Have you ever been cooking only to realize a utensil you needed wasn't at hand? You won't have to reach too far if you add a utensil crock to your kitchen accessories. A utensil crock will not only add to your kitchen style, but also provide the extra convenience you need to help your cooking adventures run smoothly.
Why should I purchase a utensil crock?
A utensil crock is an easy way to add more organization to your kitchen, as well as keep your cooking utensils close at hand so you can easily reach for what you need. A utensil crock will also add to your kitchen motif as they are available in a wonderful variety of different materials and styles.
What materials do utensil crocks come in?
Utensil crocks are made from a few different materials to provide both form and function.
Stainless steel can be bright and shiny or more rustic looking if you have a country style to your kitchen. It is also resistant to rust and corrosive elements. It will not grow any mold, and is also dishwasher safe, if it does get messy.
Cooper is a wonderful option if you want a more country feel. Copper also has the added benefit of having qualities that are naturally antibacterial. However, if it gets left wet, it starts to look green and tarnished, so wipe it down if it ever gets wet. Copper is a great addition to a farmhouse style or country kitchen.
Iron utensil racks can be used in many kitchen styles because of their ornate style and designs. Iron is rustless as well as wear-resistant and has a long counter life, so you will not need to replace it anytime soon. It lends its charm to farmhouse kitchens in particular, but will feel right at home in a stainless steel or contemporary kitchen, especially if it is enameled with a pop of color.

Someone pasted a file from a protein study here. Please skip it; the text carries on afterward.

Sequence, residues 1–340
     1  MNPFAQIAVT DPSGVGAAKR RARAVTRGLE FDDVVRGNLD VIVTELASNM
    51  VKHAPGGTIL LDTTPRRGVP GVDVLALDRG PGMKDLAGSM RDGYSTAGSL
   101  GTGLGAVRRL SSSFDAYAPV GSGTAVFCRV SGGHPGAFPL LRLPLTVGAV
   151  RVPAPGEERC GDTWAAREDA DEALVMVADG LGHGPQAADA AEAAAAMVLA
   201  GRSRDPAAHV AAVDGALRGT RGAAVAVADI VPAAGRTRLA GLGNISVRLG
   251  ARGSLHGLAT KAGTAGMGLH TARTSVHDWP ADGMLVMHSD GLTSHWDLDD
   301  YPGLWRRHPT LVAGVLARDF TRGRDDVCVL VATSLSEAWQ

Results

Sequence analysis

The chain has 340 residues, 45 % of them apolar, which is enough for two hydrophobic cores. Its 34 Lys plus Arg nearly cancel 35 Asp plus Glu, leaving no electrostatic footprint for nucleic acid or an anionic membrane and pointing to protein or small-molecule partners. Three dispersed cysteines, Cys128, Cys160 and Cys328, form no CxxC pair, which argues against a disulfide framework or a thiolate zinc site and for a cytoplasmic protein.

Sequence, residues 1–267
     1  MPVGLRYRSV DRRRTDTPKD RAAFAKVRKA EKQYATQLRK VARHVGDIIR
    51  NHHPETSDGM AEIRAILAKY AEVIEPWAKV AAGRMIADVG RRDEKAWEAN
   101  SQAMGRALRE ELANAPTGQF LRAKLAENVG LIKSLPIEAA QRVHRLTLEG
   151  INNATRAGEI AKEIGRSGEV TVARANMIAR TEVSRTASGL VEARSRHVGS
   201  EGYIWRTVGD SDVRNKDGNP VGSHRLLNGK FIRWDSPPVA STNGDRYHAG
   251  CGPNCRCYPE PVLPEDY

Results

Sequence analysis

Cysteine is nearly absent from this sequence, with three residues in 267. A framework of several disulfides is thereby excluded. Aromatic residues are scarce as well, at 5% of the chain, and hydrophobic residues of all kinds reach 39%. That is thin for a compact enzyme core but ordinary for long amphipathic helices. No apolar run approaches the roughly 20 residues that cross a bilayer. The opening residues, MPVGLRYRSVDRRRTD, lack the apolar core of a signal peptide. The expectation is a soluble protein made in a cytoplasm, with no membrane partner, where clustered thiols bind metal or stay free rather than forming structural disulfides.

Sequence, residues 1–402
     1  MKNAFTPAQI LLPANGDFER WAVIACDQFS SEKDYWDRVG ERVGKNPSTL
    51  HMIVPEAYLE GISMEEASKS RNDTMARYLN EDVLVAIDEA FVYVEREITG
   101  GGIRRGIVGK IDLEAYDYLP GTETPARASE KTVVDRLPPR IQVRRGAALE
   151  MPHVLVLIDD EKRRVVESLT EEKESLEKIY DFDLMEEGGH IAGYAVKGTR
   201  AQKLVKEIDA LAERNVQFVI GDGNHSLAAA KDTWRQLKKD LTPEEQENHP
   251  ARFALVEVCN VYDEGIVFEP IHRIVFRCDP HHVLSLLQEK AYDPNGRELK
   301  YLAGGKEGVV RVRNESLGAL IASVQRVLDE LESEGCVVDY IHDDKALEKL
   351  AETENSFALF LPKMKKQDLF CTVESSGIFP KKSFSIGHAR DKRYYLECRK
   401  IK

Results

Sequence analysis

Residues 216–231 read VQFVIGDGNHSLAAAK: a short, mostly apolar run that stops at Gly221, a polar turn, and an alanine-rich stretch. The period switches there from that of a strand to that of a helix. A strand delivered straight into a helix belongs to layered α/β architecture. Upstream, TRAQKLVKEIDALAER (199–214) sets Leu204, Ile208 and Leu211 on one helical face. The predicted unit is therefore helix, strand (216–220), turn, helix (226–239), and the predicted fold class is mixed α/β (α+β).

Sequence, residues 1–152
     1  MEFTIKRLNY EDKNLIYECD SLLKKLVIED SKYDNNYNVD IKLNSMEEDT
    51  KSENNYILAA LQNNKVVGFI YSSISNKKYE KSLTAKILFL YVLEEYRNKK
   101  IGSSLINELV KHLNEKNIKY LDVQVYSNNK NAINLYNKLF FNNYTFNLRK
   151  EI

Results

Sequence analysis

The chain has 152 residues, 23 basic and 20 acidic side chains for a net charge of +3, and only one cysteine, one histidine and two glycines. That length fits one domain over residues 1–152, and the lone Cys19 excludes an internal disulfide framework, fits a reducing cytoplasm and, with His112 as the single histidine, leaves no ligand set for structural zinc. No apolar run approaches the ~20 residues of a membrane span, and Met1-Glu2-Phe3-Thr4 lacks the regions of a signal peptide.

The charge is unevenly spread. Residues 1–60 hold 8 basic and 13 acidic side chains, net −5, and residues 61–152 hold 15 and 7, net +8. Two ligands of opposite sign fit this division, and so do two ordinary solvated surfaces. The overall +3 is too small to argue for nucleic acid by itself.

Bamboo is becoming more and more trendy these days, because it is a sustainable and eco-friendly material. It has natural antibacterial qualities that help it to resist mold and other bacteria from growing. It can be hand-washed with a bleach and water combination for an easy clean.
Plastic is going to be your most versatile choice for your utensil crock, as it can be found in a great deal of designs, colors and styles, to blend well or stand out in any kitchen. It's also your easiest option being that it is easy to maintain. Not only are plastic utensil crocks dishwasher safe, but they will also be more durable than other options.
Pottery, ceramic, or porcelain utensil crocks are one of the most prominent because they come in a large array of exciting colors, designs, and styles. If you have a particular theme to your kitchen, you can find one with a saying or an image to match, such as, "What's Cookin" or "Hold Me". For a country farm look, you can find one with the image of a cute pig, cow, or a rooster to match.
Stoneware is another particularly nice way to go. You can try to match your marble or faux marble countertops for a nicely blended look, or add it to a kitchen featuring stainless steel to add a more earthy quality. Stoneware is also very durable and will not break easily no matter how many times you reach into it.
How to choose the right utensil crock for all my most used utensils?
When you are figuring out what size utensil crock to purchase, the very first step should be setting out your kitchen utensils to decide on which of your utensil collection you find yourself using the most. After you have completed this step, arrange the utensils you picked out by size. Now that you have done this, all you have to do is choose the kitchen utensil crock that will fit all of the utensils you need to access quickly.
Perhaps just the traditional cylinder will be enough, or maybe you like ones that have different sections for different kitchen tools. The latter comes in very handy when you go to reach for a tool, as the smaller tools can be organized in front of the larger ones for easier access. Whichever style or design you choose, you will be rewarded with a more stress-free cooking experience by having all your best kitchen utensils within easy reach.
Pro tip: Make sure the utensil crock you are looking at is weighted at the bottom, so that it won't fall over due to the weight and length of your utensil ensemble.